What's amusing is that Mitchell is upset not about the really serious stuff -- that he is a paid shill for Byrne and a liar and a skunk -- but that he was "escorted out of the building" when he left CJR, which was followed by a year of unemployment and then being swept off the streets to work for Byrne.

Personally I couldn't care less how he left CJR (I've heard a lot worse). I think the "related party transactions" issue, noted by Sam, is more interesting. Still, it's funny to see how a professional corporate hatchet man can be so thin-skinned.

© 2008 Gary Weiss. All rights reserved.

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Monday, July 28, 2008

'Swatting an Imaginary Fly'

There's a terrific editorial today in Barron's on the SEC's naked short selling publicity stunt, and it is the most powerful and well reasoned commentary I've seen yet on the subject. The title is "Swatting an Imaginary Fly," the "fly" being the phantom menace of naked short selling.

Editorial page editor Thomas G. Donlan writes:

. . . What isn't obvious from the news or from the historical record is whether the SEC understands its mission.

Does the SEC have its eye on the ball? Hardly. It is the agency that preserved and protected the shared incompetence of a few favored "nationally recognized" credit-rating agencies. It is the agency that watched while auditors became corporate consultants, selling the kind of services that audits should detect and report and eliminate, and even selling methods of hiding deleterious facts from auditors. It is an agency that attempts to regulate speech because it's easier than detecting and prosecuting fraud.

Rather than fixing any of the real problems with the agency and its mission, Cox and his fellow commissioners waved a newspaper and swatted the imaginary fly of naked short-selling. It made a big noise, but there's no dead bug.

This is a courageous stance, because opponents of naked short selling conspiracy theories -- which the SEC has explicitly not endorsed, not that it matters to kooks pushing that line-- are immediately subjected to a smear campaign. It is orchestrated by the free-spending trust fund baby, Overstock.com CEO Patrick Byrne, successor to the recently jailed fraudster Richard Altomare as head of the Baloney Brigade naked shorting conspiracists.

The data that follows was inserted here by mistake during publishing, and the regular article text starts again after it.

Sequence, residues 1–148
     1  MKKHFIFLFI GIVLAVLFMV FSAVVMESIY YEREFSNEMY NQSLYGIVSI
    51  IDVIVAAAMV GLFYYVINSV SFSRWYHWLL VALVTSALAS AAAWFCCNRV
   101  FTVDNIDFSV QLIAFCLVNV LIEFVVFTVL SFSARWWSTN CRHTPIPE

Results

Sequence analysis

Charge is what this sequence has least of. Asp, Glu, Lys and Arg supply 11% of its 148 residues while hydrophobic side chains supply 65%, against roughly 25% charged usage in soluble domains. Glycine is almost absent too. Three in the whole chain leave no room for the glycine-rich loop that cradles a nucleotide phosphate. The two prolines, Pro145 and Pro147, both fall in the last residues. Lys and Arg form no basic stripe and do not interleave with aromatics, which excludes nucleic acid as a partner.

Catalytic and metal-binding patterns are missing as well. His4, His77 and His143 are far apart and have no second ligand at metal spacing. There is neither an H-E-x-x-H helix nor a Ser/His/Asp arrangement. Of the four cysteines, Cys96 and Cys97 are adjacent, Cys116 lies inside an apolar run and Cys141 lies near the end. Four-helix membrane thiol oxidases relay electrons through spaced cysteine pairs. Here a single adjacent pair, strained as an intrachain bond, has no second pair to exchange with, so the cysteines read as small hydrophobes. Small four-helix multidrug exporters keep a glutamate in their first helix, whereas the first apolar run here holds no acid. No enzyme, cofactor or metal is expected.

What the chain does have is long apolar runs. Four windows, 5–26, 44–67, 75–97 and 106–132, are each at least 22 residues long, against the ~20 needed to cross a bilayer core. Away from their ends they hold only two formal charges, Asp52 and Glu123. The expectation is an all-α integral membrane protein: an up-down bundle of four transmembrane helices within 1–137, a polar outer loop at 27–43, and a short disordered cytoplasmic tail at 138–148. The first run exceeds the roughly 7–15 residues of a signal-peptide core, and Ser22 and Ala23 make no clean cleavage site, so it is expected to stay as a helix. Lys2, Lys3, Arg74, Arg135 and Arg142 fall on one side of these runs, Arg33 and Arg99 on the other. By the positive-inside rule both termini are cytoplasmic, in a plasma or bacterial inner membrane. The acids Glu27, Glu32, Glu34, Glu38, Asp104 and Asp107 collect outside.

Byrne has said that the SEC's politically motivated pandering means that he has "won the intellectual argument" on naked short selling. But there hasn't been an intellectual argument. There has been a campaign of intimidation and personal attacks against critics of his poor management of his company and his naked shorting jihad.

A recent SEC filing shows how Byrne has pissed away the money-losing Overstock's scarce cash on behalf of his obsession, paying a high-priced lobbyist, Ken Salamon, to goad the SEC to pursue Byrne's imaginary demons. Overstock has wasted $680,000 on Salamon and other lobbyists and pos, according to OpenSecrets.org numbers quoted in the New York Post.

Despite all the bucks Byrne has thrown at this, and endorsements by anti-investor organizations like the Washington Legal Foundation and "consultants" paid to tout conspiracy theories, like former commerce secretary Robert Shapiro -- a "litigation consultant" in junk lawsuits against the DTCC -- not a single editorial commentary has favored the SEC action. The SEC, I suspect, is reacting less to Byrne's bucks than it is to SEC chairman Chris Cox's desire to find a scapegoat for his agency's poor performance.

I'm sure that Donlan and Barron's will be subjected to the usual attacks by Byrne's paid stooges, and their inboxes stuffed with harassing emails, because of this editorial.

The same goes for Elizabeth MacDonald, who wrote a smart analysis in her blog today on the Fox Business News website.

© 2008 Gary Weiss. All rights reserved.

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Saturday, July 26, 2008

'History and Mystery' on Sharesleuth

As I've said in the past, I'm no fan of Sharesleuth because its owner, Mark Cuban, finances it (or tries to) by shorting in advance of articles on the website. That's a no-no for anything purporting to be journalism.

Sharesleuth's business model has been a flop for the same reason it has been editorial failure: over the past two years it has written about a grand total of four companies. Compare this with ProPublica, which churns out a constant stream of investigative articles and is funded by a nonprofit group. When it was commenced two years ago, Cuban hyped it as the savior of financial journalism. It has been anything but.